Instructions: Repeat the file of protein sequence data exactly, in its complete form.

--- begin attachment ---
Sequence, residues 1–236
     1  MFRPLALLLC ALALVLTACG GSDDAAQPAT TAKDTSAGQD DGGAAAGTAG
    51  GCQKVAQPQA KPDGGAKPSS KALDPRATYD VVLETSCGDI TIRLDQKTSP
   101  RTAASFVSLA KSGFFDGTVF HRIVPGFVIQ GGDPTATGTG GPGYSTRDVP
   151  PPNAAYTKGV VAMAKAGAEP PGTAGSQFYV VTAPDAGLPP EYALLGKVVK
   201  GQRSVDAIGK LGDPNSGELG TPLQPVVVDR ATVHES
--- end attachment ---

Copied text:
Sequence, residues 1–236
     1  MFRPLALLLC ALALVLTACG GSDDAAQPAT TAKDTSAGQD DGGAAAGTAG
    51  GCQKVAQPQA KPDGGAKPSS KALDPRATYD VVLETSCGDI TIRLDQKTSP
   101  RTAASFVSLA KSGFFDGTVF HRIVPGFVIQ GGDPTATGTG GPGYSTRDVP
   151  PPNAAYTKGV VAMAKAGAEP PGTAGSQFYV VTAPDAGLPP EYALLGKVVK
   201  GQRSVDAIGK LGDPNSGELG TPLQPVVVDR ATVHES